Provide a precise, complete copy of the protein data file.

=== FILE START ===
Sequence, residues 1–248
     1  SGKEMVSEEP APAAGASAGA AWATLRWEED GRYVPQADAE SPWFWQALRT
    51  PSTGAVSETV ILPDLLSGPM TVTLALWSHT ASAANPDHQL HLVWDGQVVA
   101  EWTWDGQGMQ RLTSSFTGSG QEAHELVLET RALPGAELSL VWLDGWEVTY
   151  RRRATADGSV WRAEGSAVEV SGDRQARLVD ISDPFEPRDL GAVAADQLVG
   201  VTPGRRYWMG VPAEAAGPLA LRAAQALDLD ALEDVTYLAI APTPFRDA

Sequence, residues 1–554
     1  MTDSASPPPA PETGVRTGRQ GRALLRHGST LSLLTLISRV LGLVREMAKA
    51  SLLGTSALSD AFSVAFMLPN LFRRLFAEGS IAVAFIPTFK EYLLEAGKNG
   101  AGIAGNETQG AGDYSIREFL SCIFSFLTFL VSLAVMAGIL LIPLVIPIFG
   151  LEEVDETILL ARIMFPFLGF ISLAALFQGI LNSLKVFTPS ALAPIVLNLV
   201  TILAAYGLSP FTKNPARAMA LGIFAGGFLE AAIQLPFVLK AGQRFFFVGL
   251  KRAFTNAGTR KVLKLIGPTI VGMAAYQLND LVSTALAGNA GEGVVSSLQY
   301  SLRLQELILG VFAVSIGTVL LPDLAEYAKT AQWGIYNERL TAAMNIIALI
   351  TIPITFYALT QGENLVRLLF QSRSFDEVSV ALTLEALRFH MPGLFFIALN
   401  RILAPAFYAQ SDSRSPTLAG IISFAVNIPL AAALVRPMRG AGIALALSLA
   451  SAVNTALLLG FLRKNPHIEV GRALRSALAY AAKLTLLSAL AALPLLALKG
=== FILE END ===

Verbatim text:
Sequence, residues 1–248
     1  SGKEMVSEEP APAAGASAGA AWATLRWEED GRYVPQADAE SPWFWQALRT
    51  PSTGAVSETV ILPDLLSGPM TVTLALWSHT ASAANPDHQL HLVWDGQVVA
   101  EWTWDGQGMQ RLTSSFTGSG QEAHELVLET RALPGAELSL VWLDGWEVTY
   151  RRRATADGSV WRAEGSAVEV SGDRQARLVD ISDPFEPRDL GAVAADQLVG
   201  VTPGRRYWMG VPAEAAGPLA LRAAQALDLD ALEDVTYLAI APTPFRDA

Sequence, residues 1–554
     1  MTDSASPPPA PETGVRTGRQ GRALLRHGST LSLLTLISRV LGLVREMAKA
    51  SLLGTSALSD AFSVAFMLPN LFRRLFAEGS IAVAFIPTFK EYLLEAGKNG
   101  AGIAGNETQG AGDYSIREFL SCIFSFLTFL VSLAVMAGIL LIPLVIPIFG
   151  LEEVDETILL ARIMFPFLGF ISLAALFQGI LNSLKVFTPS ALAPIVLNLV
   201  TILAAYGLSP FTKNPARAMA LGIFAGGFLE AAIQLPFVLK AGQRFFFVGL
   251  KRAFTNAGTR KVLKLIGPTI VGMAAYQLND LVSTALAGNA GEGVVSSLQY
   301  SLRLQELILG VFAVSIGTVL LPDLAEYAKT AQWGIYNERL TAAMNIIALI
   351  TIPITFYALT QGENLVRLLF QSRSFDEVSV ALTLEALRFH MPGLFFIALN
   401  RILAPAFYAQ SDSRSPTLAG IISFAVNIPL AAALVRPMRG AGIALALSLA
   451  SAVNTALLLG FLRKNPHIEV GRALRSALAY AAKLTLLSAL AALPLLALKG